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The Riddle of Amish Cultureby Donald B Kraybill
Synopses & Reviews
? Why will the Amish ride in cars but refuse to drive them? ? How can their old-fashioned farms turn a profit while many modern farms go broke? ? Do they ever change their customs? Who decides, and how? ? If they'll use pay phones, why not have a phone in the house? ? Why will they use electronic calculators but not computers?
The Amish are one of America's most intriguing and puzzling communities. To the outsider, their habits and customs abound with contradictions. But the most intriguing puzzle of all is the secret of their survival in the twentieth century. How have these plain folk not only kept the modern world at bay but actually grown from a meager band of 5,000 in 1900 to over 100,000 today?
Donald Kraybill has lived and worked among the Amish of Lancaster County, Pennsylvania, home of America's oldest Amish community. Talking with the Amish on their farms, in their shops, and around their kitchen tables, he has learned how they have struck a bargain with modern times--a bargain that explains why many of the rules that seem quaint or silly actually have been essential to keeping Amish culture alive.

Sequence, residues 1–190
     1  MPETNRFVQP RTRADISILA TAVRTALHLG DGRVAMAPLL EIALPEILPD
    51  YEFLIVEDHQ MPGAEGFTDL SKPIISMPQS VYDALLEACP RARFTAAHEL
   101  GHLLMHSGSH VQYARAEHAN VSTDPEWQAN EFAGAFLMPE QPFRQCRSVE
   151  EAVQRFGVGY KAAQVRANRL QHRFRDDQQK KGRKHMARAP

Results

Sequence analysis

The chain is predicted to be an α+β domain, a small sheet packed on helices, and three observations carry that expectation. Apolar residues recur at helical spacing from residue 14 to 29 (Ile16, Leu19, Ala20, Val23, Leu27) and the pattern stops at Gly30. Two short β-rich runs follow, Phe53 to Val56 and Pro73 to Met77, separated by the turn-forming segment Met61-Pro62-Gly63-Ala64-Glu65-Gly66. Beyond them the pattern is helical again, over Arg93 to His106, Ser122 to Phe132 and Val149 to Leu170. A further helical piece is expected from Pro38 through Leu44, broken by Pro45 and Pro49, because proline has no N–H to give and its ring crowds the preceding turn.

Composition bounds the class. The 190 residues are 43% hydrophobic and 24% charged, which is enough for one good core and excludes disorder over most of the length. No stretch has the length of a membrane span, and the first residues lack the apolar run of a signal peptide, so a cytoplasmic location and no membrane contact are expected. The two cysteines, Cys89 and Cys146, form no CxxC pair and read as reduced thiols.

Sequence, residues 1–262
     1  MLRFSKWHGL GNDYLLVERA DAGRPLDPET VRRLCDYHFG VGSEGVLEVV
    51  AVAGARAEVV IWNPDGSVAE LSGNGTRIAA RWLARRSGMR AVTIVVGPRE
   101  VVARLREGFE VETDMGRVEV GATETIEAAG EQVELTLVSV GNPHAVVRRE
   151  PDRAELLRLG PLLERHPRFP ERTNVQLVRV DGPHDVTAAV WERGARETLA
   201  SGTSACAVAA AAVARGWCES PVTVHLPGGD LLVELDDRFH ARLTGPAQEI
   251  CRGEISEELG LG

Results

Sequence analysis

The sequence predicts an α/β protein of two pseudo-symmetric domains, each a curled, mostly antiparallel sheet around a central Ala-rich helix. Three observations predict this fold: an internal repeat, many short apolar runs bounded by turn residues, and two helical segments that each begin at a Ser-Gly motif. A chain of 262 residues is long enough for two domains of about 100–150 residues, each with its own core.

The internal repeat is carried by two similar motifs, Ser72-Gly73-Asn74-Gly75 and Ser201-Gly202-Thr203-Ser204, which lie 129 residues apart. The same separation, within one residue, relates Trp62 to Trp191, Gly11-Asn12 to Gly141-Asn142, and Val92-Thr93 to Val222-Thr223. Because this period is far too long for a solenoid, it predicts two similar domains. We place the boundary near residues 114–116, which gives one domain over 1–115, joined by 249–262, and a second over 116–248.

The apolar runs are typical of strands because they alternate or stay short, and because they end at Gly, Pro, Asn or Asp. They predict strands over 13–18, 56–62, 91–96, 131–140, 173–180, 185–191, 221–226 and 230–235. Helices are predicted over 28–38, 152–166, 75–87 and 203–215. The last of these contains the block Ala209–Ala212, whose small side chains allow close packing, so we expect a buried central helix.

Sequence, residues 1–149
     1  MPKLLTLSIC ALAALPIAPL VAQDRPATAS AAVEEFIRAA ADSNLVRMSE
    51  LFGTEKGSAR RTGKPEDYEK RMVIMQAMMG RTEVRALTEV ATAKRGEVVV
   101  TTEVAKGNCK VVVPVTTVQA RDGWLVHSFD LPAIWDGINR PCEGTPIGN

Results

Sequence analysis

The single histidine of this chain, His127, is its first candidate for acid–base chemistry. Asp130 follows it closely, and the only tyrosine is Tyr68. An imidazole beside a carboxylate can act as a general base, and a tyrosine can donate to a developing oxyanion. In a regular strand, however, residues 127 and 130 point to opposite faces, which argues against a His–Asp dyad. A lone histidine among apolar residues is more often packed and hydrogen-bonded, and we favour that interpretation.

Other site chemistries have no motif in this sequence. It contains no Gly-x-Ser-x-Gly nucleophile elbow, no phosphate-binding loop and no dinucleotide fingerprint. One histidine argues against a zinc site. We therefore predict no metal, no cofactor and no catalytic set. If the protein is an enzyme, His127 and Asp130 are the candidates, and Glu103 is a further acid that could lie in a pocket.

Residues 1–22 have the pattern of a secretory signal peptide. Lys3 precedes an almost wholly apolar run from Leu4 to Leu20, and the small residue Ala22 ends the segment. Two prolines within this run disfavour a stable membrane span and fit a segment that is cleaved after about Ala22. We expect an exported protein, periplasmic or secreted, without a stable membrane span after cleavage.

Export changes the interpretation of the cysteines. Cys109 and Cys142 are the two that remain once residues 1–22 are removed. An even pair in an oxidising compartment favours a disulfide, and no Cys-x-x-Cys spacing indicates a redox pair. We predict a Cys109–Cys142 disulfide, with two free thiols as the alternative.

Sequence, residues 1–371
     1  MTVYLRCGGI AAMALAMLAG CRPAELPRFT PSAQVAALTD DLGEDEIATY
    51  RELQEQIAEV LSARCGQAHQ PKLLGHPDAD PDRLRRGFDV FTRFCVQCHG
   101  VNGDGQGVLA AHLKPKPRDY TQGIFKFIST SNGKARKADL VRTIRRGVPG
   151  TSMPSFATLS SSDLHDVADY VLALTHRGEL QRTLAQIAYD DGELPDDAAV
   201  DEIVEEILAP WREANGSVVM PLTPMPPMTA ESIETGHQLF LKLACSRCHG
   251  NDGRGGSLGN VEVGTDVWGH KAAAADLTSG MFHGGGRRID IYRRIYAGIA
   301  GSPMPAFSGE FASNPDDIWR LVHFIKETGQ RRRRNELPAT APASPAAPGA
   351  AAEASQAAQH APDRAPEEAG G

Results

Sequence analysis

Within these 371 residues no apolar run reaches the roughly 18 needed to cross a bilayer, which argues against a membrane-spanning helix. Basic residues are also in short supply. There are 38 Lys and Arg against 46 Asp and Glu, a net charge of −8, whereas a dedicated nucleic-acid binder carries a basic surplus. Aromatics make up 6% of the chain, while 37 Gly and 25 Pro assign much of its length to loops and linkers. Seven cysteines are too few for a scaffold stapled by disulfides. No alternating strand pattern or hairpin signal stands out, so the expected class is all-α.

In The Riddle of Amish Culture Kraybill finds the Amish men and women eager to answer our questions. But they also have questions for us. Why, they ask, do we shut our aging parents out of our houses--and put them in institutions we call homes? Why do we move away from the towns and families we love in pursuit of jobs we hate? And why do we need weapons so powerful they could one day destroy us all--Amish and English alike?
The Riddle of Amish Culture draws us into conversation across a cultural fence with a people as remote as the seventeenth century and asclose to home as that blacktop road off the next Interstate exit. And what we learn about our Amish neighbors tells us much about ourselves.
Some have wall-to-wall carpeting, insulated wooly stuff all around the top, a big dashboard, glove compartment, speedometer, clock, stereo radio, buttons galore, and lights and reflectors all over the place... If they have the money, that's what they do, and that's pride.--an Amish leader, on the hot- rod carriages of some Amish teenagers
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